Keywords: Corrugated Core | Finite Element | Homogenisation | Sandwich Structures
Abstract: Aim of this paper is to setup a novel procedure able to analyze performances of a reverse shoulder prosthesis when different geometrical configurations are assumed. Nowadays, such a prosthesis is widely used but, because of its novelty, data in literature give poor information about performances and limits to its applicability. The activity has been divided into the following steps. At the beginning the shape of the prosthesis has been digitally acquired via a 3D scanner. Then, CAD models of all prosthetic components have been geometrically optimized in a way to obtain final entities suitable for numerical simulations. After that, CAD assemblies have been created between prosthetic components and bones (humerus and scapula) involved in the shoulder joint. Following step has been the setup of numerical finite element method models to simulate use conditions. To this scope, analyses have been performed in accordance with experimental conditions found in literature. Stability conditions have been verified under the action of horizontal and vertical instability loads with different version angles between humerus and the humeral implant. In particular, the stability ratios of the prosthesis have been calculated for the analysed loading conditions. Obtained results show how the positioning has a great influence on the shoulder stability and allow the definition of guidelines for the application of this prosthesis. © 2014 Springer-Verlag France.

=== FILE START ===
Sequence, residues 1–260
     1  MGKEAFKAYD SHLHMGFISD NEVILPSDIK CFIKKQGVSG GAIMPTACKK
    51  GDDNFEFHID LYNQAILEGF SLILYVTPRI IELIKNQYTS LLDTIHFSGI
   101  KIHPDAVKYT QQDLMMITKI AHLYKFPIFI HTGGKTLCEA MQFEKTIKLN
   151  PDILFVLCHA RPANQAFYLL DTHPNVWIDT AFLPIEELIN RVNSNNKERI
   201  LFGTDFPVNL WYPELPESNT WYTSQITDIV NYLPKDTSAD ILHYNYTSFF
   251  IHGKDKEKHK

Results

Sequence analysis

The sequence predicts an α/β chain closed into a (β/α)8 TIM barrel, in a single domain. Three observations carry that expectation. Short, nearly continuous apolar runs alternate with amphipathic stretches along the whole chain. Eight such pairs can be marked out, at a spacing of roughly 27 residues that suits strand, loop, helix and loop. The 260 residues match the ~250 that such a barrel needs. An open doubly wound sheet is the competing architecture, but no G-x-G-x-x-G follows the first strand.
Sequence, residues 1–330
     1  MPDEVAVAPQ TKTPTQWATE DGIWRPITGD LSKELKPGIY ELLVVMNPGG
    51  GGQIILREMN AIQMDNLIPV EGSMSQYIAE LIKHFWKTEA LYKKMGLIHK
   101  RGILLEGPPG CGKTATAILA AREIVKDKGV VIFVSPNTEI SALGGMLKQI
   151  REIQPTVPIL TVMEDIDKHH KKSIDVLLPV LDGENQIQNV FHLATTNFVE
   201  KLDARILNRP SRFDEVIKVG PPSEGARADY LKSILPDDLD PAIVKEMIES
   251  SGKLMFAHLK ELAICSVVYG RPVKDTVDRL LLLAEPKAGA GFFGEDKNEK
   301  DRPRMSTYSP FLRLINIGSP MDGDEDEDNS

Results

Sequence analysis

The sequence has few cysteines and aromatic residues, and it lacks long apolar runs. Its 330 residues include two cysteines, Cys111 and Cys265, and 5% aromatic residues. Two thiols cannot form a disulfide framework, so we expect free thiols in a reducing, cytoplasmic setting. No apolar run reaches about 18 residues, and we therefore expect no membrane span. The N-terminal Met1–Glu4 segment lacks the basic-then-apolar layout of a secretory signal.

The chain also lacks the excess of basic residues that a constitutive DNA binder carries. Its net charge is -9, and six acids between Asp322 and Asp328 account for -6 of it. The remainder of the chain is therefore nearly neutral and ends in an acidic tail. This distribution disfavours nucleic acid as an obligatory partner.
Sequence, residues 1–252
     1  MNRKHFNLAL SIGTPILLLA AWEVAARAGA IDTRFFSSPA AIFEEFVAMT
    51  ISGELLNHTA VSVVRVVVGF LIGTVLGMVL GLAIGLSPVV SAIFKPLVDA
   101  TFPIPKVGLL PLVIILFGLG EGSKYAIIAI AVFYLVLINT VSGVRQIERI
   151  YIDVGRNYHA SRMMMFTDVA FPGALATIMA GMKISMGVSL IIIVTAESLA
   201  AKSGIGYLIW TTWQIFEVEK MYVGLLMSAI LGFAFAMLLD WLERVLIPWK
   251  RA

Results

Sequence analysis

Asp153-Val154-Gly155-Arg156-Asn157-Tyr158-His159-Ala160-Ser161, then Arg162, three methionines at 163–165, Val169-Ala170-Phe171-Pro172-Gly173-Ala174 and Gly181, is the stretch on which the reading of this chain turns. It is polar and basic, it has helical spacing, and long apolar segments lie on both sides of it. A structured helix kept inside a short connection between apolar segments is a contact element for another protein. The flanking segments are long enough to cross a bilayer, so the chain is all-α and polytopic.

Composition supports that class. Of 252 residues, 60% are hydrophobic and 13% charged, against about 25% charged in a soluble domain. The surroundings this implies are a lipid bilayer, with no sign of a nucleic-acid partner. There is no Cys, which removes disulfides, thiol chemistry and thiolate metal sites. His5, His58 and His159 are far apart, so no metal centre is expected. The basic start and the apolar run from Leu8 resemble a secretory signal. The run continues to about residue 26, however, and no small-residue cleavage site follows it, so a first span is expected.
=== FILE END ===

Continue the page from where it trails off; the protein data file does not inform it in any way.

Keywords: 3D scanner acquisition | Non linear FEM analyses | Reversed shoulder prosthesis | Shoulder stability ratio
Abstract: The work describes the preparation and physical-mechanical characterization of unidirectional CFRP panels manufactured by an electron beam curing technique. Delamination fracture toughness in Mode I and II is investigated in order to evaluate the influence of fiber-matrix adhesion strength, matrix toughness and matrix crosslinking density as determined by the radiation curing process. A matrix system comprising a DGEBA epoxy monomer and an initiator of cationic polymerization have been used, with one batch of resin mixed with a PES monomer in order to enhance matrix toughness. Curing was achieved with a pulsed 10 MeV Electron Beam accelerator. Thermally cured composite systems have also been manufactured and tested for comparison. Results from double cantilever beam and end notched flexure delamination tests have been analyzed and correlated with results from short beam shear, dynamic mechanical thermal analysis tests and SEM micrographs of delaminated surfaces. POLYM. COMPOS., 35:1529-1542, 2014. © 2013 Society of Plastics Engineers.
Abstract: Epoxy/carbon fibre reinforced composites were produced by means of e-beam irradiation through a pulsed 10MeV electron beam accelerator. The matrix consisted of a difunctional epoxy monomer (DGEBA) and an initiator of cationic polymerisation, while the reinforcement was a unidirectional high modulus carbon fibre fabric. Dynamic mechanical thermal analysis was carried out in order to determine the cross-linking degree. The analysis pointed out a nonuniformity in the cross-linking degree of the e-beam cured panels, with the formation of clusters at low Tg (glass transition temperature) and clusters at high Tg. An out-of-mould post irradiation thermal treatment on e-beam cured samples provides a higher uniformity in the network although some slight degradation effects. Mode I delamination fracture toughness and Interlaminar Shear Strength (ISS) were also investigated by means of Double Cantilever Beam (DCB) and Short Beam Shear tests, respectively. Results from this mechanical characterisation allowed to correlate fracture toughness of the bulk matrix resin, cross-linking density and fibre/matrix interaction to the delamination fracture behaviour of the fibre reinforced material. © 2013 Elsevier Ltd.
Keywords: Carbon fibre reinforced epoxy resin | Delamination fracture toughness | Dynamic mechanical thermal analysis | Radiation curing